In addition to finding an unusual split among LGBTQ voters in terms of candidate choice, the exit poll finding seven percent of the electorate identified as LGBTQ is noteworthy because it was a record. In 2016, when LGBTQ voters were considered to have come out in full force, they represented five percent.
Alphonso David, president of the Human Rights Campaign, capitalized on the seven percent of voters identifying as LGBTQ in a statement upon the release of the exit polls as evidence of record turnout.
“Over the last three elections, the share of LGBTQ voters has continued to increase, solidifying our community as a key rising constituency that politicians must court,” David said. “Our issues matter, our votes matter and politicians around the country have taken notice.”
But whether the seven percent of exit poll respondents who identified as LGBTQ represents a growth in turnout or just a greater number of voters willing to tell pollsters they’re LGBTQ remains unknown.
Gates said the seven percent figure is greater than the five percent of people identifying as LGBTQ in U.S. surveys, which suggests LGBTQ people were more eager than the general public to go to the polls.
“I think it is evidence of the broader trend of more LGBT people being willing to identify as such in surveys,” Gates said. “But I think it does also still indicate that it could be that LGBT people are actually a bit more likely to be voters than the general population because that number, 7 percent is still a bit higher than most other population surveys.”
Gates lamented additional demographic information wasn’t included in the exit polls. If that showed the exit poll skewed more toward younger voters, which are more likely to identify as LGBTQ, Gates said that would explain why LGBTQ voters appeared as a greater portion of the electorate.
But are the findings accurate? Just ask John Kerry, who based on exit polls in 2004 was supposed to win in a blowout against then-President George W. Bush before losing badly, to find out about the lack of quality of the data.
Brian Schaffner, a political scientist at Tufts University, said the LGBTQ vote “is obviously difficult to capture for most surveys because it’s such a small share of the adult population, but some of these large election surveys have a sufficiently large sample size that allow for a reasonable sample of this group.”
“That said, the exit poll only has a sample size of 15,590 this year,” Schaffner said. “That means the sample size for the LGBTQ group is probably somewhere in the 1,000 range. So there is definitely a margin of error around those estimates that we need to keep in mind.”
In contrast to the exit poll, the 2020 Cooperative Election Study (previously the CCES) fielded by YouGov from Sept. 29 to Oct. 27 found among LGBTQ voters, the breakdown was 75 percent for Biden and 20 percent for Trump.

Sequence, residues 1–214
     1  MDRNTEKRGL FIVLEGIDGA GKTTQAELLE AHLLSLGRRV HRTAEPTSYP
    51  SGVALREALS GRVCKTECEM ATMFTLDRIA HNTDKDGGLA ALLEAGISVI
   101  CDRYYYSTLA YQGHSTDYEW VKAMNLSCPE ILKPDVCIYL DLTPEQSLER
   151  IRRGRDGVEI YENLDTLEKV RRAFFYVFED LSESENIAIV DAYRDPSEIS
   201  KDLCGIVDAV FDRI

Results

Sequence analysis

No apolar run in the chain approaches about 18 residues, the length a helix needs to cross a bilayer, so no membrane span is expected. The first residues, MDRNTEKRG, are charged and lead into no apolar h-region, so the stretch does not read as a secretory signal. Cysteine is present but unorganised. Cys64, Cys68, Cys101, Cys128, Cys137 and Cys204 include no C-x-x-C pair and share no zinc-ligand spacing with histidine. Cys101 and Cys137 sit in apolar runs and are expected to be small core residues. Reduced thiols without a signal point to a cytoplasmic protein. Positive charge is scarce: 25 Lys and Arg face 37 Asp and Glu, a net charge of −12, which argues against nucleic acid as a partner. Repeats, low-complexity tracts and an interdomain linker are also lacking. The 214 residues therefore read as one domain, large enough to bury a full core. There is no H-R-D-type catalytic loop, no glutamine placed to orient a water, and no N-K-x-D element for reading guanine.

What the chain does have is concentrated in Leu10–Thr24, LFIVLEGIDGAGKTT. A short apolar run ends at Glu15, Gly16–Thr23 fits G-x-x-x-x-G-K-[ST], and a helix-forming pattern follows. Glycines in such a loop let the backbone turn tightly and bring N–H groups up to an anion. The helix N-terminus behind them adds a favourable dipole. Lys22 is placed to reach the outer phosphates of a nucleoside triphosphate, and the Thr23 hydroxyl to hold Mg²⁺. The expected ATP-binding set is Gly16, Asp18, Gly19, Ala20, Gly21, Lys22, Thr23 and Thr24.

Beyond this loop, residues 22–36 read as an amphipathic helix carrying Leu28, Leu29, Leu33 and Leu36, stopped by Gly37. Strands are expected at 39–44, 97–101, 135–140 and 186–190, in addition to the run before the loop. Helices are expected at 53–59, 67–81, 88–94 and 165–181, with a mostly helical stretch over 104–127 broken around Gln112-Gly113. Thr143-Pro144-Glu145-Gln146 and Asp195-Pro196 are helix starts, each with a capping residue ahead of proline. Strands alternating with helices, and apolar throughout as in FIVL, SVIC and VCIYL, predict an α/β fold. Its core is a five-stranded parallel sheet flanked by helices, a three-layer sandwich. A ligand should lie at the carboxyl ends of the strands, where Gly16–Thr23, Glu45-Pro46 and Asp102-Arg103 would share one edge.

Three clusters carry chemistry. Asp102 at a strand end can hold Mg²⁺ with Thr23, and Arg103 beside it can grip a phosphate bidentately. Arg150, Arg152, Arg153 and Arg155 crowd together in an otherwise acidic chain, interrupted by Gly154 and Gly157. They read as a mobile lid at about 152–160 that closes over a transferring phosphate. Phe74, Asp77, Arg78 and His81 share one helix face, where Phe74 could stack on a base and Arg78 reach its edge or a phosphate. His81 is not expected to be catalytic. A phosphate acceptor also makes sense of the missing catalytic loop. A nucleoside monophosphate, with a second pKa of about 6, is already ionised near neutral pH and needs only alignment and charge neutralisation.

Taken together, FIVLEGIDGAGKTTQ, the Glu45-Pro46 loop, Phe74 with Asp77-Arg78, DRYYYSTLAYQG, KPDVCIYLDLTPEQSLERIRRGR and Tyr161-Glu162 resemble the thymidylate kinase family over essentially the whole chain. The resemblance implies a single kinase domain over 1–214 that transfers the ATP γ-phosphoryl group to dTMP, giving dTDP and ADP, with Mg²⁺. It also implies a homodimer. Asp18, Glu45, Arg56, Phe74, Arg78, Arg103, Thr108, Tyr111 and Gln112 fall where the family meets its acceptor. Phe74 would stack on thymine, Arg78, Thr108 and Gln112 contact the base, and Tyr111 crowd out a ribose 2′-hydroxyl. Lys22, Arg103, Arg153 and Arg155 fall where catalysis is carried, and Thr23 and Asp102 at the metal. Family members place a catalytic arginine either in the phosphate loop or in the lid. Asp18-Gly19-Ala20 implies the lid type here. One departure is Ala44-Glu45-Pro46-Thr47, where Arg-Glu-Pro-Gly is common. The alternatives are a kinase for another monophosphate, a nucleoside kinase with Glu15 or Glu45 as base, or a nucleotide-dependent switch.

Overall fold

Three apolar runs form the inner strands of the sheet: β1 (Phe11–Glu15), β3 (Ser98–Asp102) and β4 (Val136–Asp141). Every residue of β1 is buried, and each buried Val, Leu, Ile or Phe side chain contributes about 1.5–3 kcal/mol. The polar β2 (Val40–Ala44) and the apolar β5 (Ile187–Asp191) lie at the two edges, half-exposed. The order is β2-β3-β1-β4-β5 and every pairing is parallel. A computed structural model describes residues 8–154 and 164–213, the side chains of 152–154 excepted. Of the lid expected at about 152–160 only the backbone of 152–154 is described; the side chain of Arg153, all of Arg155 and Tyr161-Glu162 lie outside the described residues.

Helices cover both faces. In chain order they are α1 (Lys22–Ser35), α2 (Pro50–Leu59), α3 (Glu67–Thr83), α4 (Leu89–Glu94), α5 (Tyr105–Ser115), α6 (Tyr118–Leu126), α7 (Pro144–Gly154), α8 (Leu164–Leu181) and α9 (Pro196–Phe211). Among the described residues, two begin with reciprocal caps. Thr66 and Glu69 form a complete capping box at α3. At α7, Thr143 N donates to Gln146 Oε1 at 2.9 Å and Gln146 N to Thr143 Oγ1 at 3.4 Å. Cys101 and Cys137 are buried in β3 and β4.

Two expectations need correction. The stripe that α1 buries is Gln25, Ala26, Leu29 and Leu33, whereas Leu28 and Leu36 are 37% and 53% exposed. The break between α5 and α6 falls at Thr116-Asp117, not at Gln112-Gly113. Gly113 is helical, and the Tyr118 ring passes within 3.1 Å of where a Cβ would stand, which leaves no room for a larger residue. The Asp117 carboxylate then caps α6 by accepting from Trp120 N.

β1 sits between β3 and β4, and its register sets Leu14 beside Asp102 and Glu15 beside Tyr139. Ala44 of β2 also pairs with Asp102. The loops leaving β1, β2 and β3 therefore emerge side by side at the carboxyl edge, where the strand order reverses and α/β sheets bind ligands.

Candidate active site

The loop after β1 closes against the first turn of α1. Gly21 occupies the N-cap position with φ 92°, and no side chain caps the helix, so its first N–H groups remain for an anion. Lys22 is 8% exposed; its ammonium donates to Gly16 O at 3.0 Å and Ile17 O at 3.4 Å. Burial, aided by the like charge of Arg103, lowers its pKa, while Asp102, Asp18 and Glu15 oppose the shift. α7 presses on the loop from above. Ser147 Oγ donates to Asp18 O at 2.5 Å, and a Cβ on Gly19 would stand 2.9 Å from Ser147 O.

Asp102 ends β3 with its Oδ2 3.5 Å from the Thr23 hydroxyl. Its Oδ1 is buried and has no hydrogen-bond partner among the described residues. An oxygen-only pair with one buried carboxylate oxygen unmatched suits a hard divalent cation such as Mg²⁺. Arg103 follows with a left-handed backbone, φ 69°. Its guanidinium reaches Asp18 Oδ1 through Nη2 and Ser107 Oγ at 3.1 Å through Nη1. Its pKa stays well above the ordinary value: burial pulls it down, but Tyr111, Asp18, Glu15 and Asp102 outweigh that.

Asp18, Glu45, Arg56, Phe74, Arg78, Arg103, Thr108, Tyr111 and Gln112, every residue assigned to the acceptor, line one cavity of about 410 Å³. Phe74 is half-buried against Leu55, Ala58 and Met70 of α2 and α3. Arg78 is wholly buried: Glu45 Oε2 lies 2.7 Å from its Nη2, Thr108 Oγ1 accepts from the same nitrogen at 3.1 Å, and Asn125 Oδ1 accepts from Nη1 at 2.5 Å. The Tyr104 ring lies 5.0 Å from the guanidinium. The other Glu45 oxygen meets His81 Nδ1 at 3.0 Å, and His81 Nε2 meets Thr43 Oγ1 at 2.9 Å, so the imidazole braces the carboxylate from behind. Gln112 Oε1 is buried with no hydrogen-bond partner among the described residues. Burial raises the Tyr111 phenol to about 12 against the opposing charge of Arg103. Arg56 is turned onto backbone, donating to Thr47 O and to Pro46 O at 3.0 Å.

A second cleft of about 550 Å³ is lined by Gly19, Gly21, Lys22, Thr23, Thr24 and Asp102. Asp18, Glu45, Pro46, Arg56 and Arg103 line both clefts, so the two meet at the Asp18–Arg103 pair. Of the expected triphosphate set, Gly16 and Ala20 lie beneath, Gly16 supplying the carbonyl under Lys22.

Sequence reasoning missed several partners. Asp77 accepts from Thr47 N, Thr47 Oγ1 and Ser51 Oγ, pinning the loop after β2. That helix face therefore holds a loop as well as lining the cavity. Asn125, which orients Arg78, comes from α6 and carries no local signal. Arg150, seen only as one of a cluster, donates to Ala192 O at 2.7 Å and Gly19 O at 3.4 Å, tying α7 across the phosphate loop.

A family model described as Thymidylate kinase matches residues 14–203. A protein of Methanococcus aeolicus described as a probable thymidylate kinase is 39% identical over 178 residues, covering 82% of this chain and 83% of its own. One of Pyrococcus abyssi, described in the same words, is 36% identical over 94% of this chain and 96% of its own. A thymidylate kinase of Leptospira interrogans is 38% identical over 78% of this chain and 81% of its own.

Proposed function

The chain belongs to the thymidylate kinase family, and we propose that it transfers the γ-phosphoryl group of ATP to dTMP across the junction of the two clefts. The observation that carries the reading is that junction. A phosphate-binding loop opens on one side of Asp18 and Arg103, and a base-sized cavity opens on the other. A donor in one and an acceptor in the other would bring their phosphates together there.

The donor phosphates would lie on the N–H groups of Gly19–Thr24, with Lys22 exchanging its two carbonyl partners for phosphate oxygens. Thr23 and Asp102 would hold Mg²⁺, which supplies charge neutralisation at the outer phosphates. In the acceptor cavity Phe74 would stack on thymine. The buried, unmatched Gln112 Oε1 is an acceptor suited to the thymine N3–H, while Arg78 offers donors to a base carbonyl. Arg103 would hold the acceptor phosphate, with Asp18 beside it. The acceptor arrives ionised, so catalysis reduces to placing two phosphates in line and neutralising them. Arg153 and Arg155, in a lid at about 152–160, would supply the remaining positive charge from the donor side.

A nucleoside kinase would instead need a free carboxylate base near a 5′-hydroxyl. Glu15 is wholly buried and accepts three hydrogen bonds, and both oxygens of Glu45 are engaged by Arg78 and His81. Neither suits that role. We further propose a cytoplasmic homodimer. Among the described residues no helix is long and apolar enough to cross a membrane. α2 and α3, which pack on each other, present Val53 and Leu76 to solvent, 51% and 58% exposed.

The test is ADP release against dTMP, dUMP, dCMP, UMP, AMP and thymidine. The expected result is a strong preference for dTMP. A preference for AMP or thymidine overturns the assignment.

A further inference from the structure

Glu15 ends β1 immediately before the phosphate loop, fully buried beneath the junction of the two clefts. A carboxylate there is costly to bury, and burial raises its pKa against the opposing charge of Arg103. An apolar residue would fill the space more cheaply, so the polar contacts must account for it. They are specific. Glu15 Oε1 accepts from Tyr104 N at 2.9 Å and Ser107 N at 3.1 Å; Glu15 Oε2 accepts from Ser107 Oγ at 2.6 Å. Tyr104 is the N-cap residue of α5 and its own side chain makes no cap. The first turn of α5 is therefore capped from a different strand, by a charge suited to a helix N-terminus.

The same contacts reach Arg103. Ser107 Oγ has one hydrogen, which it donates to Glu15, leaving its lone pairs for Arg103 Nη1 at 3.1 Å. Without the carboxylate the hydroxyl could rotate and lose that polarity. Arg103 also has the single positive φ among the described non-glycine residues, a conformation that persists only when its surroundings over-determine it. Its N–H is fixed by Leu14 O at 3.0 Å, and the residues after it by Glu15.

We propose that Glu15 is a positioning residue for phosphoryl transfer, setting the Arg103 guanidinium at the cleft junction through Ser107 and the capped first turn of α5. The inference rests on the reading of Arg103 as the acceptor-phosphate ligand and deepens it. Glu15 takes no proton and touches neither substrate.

Schaffner said he had a hand in conducting the survey and it had a sample of 50,000 likely voters, which he said was much wider than the exit polls.
“I suspect that the exit poll’s estimate for Trump’s vote share among this group is a bit high,” Schaffner concluded. “We find him doing a bit worse and not much differently than he did in 2016. (We also found that LGBTQ voters were 10 percent of the electorate in 2016, which was higher than the exit poll suggested). At the same time, I would not be surprised if LGBTQ individuals made up at least 7 percent (if not more) of the 2020 electorate.”
Gates, however, said he thinks exit polls are accurate because they’re consistent with the election results, as opposed to pre-election polling, which he said was off.
“In the past, exit polls have been notoriously inaccurate,” Gates said. “Broadly this year, when you compare what whole pre-election polling was saying would happen and the actual outcome to now what the exit polls would suggest would happen versus the outcome, the exit polls appear to be much more accurate than pre-election polling because the exit poll suggests that it was a tight race, and that generally was not the expectation in most pre-election polling.”
The strong showing by Trump among LGBTQ voters, as well as the record high presence of LGBTQ votes in the electorate, may provide a lesson for any future Republican candidate.
But much like Trump himself, who has refused to concede and has pledged a quixotic legal challenge to Biden’s victory, Moran said the battle with the 2020 Republican presidential nominee isn’t over yet.
“The campaign is still going on with counting votes and legal challenges/recounts, so nobody is in ‘reflection’ mode,” Moran said. “Our members are plugged in on the ground and on social networks continuing to move the ball forward, but I’m very much looking forward to conducting our own review of our effectiveness when the time comes.”
Watch: A conversation with Sarah McBride
State Senator-elect Sarah McBride (DE) joined Blade White House Reporter Chris Johnson for a conversation on her historic win
State Senator-elect Sarah McBride (DE) joined Blade White House Reporter Chris Johnson for a conversation on her historic win as part of our online Now What? series. Join us over the next few weeks as we discuss where the LGBTQ community goes after the 2020 election.
Calls for Biden-Harris administration to champion global LGBTQ rights grow louder